Alan Kruger on the Best Recipe for Policy


Alan B. Krueger, presently the Bendheim Professor of Economics and Public Policy at Princeton and formerly chairman of President Barack Obama’s Council of Economic Advisers, recently received the 2017 Daniel Patrick Moynihan Prize from the American Academy of Political and Social Science (AAPSS).

Krueger, who was inducted as an AAPSS Fellow in 2003, is a prolific researcher, writer, and columnist, and he has been a tireless exponent of rigorous investigation of the most challenging social phenomena that need to be addressed in public policy. He chaired President Barack Obama’s Council of Economic Advisers from November 2011 to August 2013. He also served as assistant secretary for economic policy and chief economist of the Department of the Treasury in 2009–10, and as chief economist at the Department of Labor in 1994–95.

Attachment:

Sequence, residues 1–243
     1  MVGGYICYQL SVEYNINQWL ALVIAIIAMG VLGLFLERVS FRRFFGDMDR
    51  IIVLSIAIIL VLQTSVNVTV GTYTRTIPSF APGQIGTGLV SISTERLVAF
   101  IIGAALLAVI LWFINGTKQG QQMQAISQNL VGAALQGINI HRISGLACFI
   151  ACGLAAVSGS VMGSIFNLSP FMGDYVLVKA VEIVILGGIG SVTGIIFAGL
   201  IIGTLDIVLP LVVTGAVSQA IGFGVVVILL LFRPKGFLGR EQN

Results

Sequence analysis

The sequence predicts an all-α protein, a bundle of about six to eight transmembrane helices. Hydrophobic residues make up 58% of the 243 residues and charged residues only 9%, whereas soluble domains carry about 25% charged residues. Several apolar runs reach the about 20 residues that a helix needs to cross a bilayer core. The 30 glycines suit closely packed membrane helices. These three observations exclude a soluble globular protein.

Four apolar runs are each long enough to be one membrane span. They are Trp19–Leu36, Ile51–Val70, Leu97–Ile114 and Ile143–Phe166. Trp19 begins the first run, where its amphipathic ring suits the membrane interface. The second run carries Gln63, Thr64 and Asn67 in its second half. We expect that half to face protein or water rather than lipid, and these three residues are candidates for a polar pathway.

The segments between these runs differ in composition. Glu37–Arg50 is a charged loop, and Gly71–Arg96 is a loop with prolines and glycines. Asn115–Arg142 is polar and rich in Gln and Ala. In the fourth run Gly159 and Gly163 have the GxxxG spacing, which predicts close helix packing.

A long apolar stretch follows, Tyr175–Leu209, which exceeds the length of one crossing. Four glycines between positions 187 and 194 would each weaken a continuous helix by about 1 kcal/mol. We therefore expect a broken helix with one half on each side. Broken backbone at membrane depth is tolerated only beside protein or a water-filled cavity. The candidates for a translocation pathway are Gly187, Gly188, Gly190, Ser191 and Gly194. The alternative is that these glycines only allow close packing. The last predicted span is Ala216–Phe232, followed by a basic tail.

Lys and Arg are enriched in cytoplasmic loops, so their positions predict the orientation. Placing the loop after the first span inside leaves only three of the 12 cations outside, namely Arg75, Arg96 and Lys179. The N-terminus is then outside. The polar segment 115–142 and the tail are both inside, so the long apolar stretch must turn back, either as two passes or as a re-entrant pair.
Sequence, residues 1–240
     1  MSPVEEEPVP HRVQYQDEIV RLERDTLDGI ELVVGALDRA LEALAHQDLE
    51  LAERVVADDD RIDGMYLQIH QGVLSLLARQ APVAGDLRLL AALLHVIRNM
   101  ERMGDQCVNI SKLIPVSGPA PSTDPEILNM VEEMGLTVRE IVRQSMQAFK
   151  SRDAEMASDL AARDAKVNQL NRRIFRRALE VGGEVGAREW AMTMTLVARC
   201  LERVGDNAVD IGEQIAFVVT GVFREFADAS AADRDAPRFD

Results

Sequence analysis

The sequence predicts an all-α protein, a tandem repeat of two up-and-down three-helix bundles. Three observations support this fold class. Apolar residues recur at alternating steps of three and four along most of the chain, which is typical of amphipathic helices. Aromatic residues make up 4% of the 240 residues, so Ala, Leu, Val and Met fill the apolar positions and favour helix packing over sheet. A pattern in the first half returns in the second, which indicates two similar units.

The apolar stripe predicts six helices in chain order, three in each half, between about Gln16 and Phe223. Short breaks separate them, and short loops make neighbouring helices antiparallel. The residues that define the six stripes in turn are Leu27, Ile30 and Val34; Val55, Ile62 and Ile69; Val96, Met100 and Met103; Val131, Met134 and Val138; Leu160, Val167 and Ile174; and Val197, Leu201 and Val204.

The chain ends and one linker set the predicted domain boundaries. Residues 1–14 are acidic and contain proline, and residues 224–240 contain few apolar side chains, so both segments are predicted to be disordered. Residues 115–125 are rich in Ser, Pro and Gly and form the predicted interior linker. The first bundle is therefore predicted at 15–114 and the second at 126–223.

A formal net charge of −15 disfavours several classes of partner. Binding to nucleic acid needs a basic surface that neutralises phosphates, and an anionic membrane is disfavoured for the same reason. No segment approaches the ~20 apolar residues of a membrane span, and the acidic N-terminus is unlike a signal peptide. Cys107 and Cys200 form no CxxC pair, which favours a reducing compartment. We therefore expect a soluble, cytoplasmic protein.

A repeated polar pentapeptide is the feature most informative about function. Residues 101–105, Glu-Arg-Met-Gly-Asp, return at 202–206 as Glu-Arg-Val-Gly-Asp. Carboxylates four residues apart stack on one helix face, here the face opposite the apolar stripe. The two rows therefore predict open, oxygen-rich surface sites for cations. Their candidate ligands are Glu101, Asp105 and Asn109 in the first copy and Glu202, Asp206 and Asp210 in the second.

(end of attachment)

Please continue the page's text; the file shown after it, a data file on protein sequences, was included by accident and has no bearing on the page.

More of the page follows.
“In these political times,” said AAPSS President Ken Prewitt, “the AAPSS doubles-down on Moynihan’s legacy, electing fellows and awarding the Moynihan Prize to those whose engagement contributes in equal measure to better science and more sound policy.”

Social Science Space sat down with Krueger shortly before he delivered his Moynihan lecture on May 18 in Washington, D.C. The interview has been edited for length and clarity.

Could you give some hints or some tips to someone who wants to do true evidence-based economic policy in the current environment? So maybe you could compare and contrast from what we might have known 150 days ago, what we might have expected and what we can do now?

That’s a tough question. The current environment is not the most hospitable for evidence-based research. On the other hand, I think it’s more important now than ever, and I think the environment likely will change in the future. And there tends to be a pendulum.

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Alan Krueger

I can tell you from my experience, when I worked for President Obama, on virtually every issue that we addressed, we started by thinking about what do we know, what’s the evidence. I went through over 60 issues that I worked on, 60 economic policies, from TARP [Troubled Asset Relief Program], to small business lending to long-term unemployment to the strategic petroleum reserve, a wide range of issues. And of those 60 on the vast majority, we started with evidence. When I say vast majority, 95 percent.